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The Essay Map: Bringing It All Together

We've done all the parts, so let's bring it all together and create the essay map. Download your own template and get started!
This is Part 6 of 6 in the series How to Write a Good Essay Every Time
<<Previous Post: Planning to Win: Essay Maps Part III

In our previous posts we have brainstormed, worked out our contention and our sub-contentions, and found evidence to support one of the sub-contentions. In the last post we looked ahead at how to turn that evidence into a body paragraph. But before we get stuck into writing the essay properly, let’s pull everything we’ve done together and make our essay map.

You can see that the language here is pretty rough – not really ready to hand in! That can be helpful at this stage, as it’s a bit easier to work with while you’re thinking things through.


To make sure that the essay map works you need to look at it and ask yourself some questions:

1) Does the evidence fully support each sub-contention? Are your arguments convincing?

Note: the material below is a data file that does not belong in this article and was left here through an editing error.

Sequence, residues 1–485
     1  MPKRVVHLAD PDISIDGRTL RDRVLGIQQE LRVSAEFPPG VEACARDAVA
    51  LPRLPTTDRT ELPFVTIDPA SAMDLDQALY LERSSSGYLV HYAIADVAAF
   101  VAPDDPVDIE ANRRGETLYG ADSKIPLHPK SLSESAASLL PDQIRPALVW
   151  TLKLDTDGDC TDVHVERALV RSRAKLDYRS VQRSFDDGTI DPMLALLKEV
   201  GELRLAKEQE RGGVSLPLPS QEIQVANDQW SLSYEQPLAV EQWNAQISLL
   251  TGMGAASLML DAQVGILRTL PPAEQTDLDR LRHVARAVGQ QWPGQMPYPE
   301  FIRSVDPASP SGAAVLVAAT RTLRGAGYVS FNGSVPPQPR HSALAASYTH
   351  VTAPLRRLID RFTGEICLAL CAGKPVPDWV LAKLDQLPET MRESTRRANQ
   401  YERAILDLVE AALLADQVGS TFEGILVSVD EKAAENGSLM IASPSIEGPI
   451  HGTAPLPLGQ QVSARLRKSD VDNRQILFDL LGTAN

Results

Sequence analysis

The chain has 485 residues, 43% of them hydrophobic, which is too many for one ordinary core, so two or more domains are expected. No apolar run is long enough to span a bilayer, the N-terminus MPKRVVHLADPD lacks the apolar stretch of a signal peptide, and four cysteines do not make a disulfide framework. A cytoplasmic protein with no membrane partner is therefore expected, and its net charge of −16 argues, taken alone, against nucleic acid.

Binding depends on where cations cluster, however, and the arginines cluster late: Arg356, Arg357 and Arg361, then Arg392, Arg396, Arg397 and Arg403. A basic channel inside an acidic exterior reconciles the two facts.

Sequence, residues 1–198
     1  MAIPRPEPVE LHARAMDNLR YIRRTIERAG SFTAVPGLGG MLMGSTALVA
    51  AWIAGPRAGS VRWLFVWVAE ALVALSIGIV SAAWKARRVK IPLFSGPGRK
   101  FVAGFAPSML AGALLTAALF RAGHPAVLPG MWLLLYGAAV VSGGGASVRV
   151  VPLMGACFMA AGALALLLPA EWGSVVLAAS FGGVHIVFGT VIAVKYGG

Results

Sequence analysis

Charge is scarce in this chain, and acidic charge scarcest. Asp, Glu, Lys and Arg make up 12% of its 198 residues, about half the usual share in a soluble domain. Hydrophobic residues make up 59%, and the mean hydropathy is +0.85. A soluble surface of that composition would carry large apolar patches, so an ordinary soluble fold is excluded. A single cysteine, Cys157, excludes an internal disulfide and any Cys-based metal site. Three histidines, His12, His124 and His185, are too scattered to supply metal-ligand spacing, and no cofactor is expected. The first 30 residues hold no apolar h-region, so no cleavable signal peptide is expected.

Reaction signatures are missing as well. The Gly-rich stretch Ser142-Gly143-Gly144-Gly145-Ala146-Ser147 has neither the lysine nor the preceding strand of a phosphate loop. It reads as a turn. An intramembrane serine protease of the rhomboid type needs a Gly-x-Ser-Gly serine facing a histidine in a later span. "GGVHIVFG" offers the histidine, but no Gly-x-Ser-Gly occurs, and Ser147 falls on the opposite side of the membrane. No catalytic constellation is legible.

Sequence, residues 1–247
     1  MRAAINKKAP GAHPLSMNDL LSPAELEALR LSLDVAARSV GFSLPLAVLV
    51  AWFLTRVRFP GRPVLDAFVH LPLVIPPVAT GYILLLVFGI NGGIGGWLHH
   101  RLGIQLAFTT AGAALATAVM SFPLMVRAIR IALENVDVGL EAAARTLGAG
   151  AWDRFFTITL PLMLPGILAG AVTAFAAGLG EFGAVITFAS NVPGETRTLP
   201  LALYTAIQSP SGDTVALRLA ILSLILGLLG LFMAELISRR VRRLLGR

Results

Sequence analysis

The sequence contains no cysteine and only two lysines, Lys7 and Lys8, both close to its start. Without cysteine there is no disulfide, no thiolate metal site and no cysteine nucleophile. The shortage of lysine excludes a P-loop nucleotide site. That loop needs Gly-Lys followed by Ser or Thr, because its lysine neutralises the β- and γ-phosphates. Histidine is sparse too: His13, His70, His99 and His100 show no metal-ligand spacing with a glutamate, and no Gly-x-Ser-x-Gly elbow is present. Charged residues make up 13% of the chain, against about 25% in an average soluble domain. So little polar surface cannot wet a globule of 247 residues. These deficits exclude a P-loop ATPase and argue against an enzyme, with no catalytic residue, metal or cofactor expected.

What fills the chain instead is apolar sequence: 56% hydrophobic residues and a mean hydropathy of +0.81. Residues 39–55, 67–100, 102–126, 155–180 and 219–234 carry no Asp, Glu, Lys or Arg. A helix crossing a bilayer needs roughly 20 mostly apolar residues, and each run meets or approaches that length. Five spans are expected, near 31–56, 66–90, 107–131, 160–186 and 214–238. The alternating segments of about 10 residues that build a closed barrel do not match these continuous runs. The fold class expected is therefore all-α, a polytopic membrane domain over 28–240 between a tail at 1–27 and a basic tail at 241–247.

2) Do you have the right amount of evidence for a paragraph, or is there not enough or too much? You should feel calm looking at the evidence, it should be reasonably easy to see how it will turn into a paragraph.

If you answered NO to either of those questions, you need to change something. This may mean that a sub-contention will change, in which case you may also have to change your overall contention.


3) Do your sub-contentions fully support your overall contention? Is your argument convincing?

4) Does your overall contention directly address the essay topic?

If you answered NO to either of those questions, you need to change something. This may mean that you need to change a sub-contention and find new evidence.


Keep going until you can answer YES to all the questions, and then it’s time to polish up your contentions and sub-contentions into essay-speak. It’s important to take your time with contentions and sub-contentions and make sure they say exactly what you want them to – any mistakes there can make your essay seem less logical and your arguments less compelling.


And there you have it – a finished essay map! In future posts we’ll go over exactly how to go from an essay map to a well-written essay, but even without that this should really help you get started.

One final tip – you’re allowed to change your essay map! As you write you may have new ideas, and its fine to add them in or even change the plan entirely. Just remember, if you do that go back over the four questions above and make sure new plan is sound.

Want your own essay map template? Download it here!

<<Previous Post: Planning to Win: Essay Maps Part III